Composed by Benjamin Britten   
Libretto by Ronald Duncan, after the play by André Obey

Nov. 16-19, 2023, Patricia Corbett Theater


  • Conductor | William Langley, alumni guest artist
  • Director | Darya Zholnerova 
  • Faculty Advisor | Robin Guarino
  • Scenic Designer | Mark Halpin
  • Lighting Designer | Kristen Peck *
  • Costume Designer |  Jayna Fry *
  • Sound Designer | Brian Haack *
  • Wig & Make-Up Designer | Tiara Jones *
  • Production Stage Manager | Annalee Crosser *  
  • Technical Director | Troy Brizius
  • Props Manager | Mia Adrian *
  • Choreographer and Intimacy Director | Susan Moser

*CCM student

Content advisory: For mature audiences, contains scenes of self-harm and sexual violence.

By arrangement with Boosey & Hawkes, Inc., publisher and copyright owner.

Any video and/or audio recording of this production is strictly prohibited.

Director’s Note

The composer Benjamin Britten, a registered conscientious objector and Christian pacifist, returned to Great Britain with his partner, Peter Pears, after a three year long self-imposed exile in the United States during 1939-42 at the peak of World War II. It was after witnessing the devastation of London and the British countryside that he began to write two of his greatest and most challenging pieces: The War Requiem and The Rape of Lucretia.

The Rape of Lucretia was his first chamber opera. In it Britten uses virtuosic vocal writing and eerie orchestral textures to weave together a hard-hitting, atmospheric theatre work that sounds and feels unlike anything else in the repertory. The story is framed by the observation and narration of a male and female chorus serving much the same role as in a Greek tragedy but in this context looking at the tragedy through Britten’s very personal Christian lens. The male and female chorus sing, “While we as two observers stand between this present audience and that scene, we'll view these human passions and these years through eyes which once have wept with Christ's own tears.”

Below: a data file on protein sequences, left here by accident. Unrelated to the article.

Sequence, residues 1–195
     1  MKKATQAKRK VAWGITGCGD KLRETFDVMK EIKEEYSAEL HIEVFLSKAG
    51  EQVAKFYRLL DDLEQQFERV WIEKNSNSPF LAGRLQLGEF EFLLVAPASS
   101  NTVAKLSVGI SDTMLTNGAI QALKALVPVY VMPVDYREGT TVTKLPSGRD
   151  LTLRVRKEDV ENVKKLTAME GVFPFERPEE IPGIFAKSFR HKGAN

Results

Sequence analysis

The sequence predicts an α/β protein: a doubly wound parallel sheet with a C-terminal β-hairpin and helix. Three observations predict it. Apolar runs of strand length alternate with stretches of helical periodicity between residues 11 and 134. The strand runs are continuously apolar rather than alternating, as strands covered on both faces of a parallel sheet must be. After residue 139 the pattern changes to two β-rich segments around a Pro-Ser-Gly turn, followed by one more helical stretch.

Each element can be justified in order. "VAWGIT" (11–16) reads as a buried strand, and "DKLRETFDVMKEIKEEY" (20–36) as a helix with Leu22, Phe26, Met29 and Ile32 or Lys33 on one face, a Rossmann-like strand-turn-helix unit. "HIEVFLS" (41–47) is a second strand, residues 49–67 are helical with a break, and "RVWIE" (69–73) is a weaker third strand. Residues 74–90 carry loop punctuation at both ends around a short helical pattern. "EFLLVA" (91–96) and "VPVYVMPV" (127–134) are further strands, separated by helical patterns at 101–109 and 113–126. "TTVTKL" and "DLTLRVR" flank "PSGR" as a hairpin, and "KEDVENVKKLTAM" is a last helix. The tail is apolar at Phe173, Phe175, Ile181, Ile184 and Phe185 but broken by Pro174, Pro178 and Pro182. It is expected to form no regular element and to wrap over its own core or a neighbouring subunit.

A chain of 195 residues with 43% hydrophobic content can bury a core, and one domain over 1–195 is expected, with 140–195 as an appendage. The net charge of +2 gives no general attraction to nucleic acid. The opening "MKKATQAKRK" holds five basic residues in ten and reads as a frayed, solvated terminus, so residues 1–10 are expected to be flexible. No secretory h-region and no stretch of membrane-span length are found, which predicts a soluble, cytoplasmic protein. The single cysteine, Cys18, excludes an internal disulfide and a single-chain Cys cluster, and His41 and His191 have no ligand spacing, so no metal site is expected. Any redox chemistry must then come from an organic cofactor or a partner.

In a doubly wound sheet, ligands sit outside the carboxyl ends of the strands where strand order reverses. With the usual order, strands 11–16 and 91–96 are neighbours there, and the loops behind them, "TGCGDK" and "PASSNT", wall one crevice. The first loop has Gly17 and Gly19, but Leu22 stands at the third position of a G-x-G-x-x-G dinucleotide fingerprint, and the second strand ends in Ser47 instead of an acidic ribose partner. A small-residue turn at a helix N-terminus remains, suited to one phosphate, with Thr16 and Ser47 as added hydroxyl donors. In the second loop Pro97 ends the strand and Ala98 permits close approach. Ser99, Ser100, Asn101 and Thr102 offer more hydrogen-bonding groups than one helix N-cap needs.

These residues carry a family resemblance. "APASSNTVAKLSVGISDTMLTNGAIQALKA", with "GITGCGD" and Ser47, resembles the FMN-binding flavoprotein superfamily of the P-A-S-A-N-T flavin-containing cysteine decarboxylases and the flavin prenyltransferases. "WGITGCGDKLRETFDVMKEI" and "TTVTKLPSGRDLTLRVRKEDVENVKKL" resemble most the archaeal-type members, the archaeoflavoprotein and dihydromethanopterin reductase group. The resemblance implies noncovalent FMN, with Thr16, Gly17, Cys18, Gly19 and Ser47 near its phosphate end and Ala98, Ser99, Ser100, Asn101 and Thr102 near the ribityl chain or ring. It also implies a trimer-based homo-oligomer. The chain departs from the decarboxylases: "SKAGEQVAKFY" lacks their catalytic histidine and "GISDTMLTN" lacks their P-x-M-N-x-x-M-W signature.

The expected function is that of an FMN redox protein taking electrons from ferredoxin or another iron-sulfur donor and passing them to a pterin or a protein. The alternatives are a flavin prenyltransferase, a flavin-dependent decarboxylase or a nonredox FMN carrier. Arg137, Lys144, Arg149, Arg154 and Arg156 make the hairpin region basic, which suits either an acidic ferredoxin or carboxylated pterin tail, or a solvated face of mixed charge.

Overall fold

The dramatic strength of this opera lies in its fearless treatment of taboos and the most primal means of human expression. Ronald Duncan based his English libretto on André Obey’s play Le Viol de Lucréce which in turn, was based on the 142-volume History of Rome, by the historian Livy tells the tragic story of the rape of a Roman noblewoman Lucretia by the heir apparent of the invading Etruscan military regime, Tarquinias. It was Lucretia’s martyrdom that resulted in the founding of the Republic of Rome.

The Rape of Lucretia does not back away from clearly detailing unbearable abuses of power, war, sexual violence, misogyny, xenophobia and martyrdom. The female chorus begins by stating: "It is an axiom among kings, to use a foreign threat to hide a local evil.” Britten views the story both as historical narrative and as an allegory to address the continued violence against women, colonialism, war, social, political and religious struggles still unfortunately part of the human condition.

The chorus "observers" are only tasked by Britten to recount the story. Despite this directive, they still attempt to stop Tarquinius's act of violence. Unfortunately, their attempt to change the course of history is thwarted, and they are tragically unable to prevent the inevitable crime. They can only repeat their endless narrative to each “present day audience.” 

Seen in allegorical terms, this production explores the Pagan symbolism while asking the question: how can we of faith now stand and watch without feeling complicity? Is forgiveness or redemption humanly possible? Can Christianity or any other religion help us to understand or stop the cycle of continued violence against women, the resurgence of racism, xenophobia, war and domestic gun violence? It is these questions that make this magnificent allegorical work even more relevant in our current times of violence at home and abroad.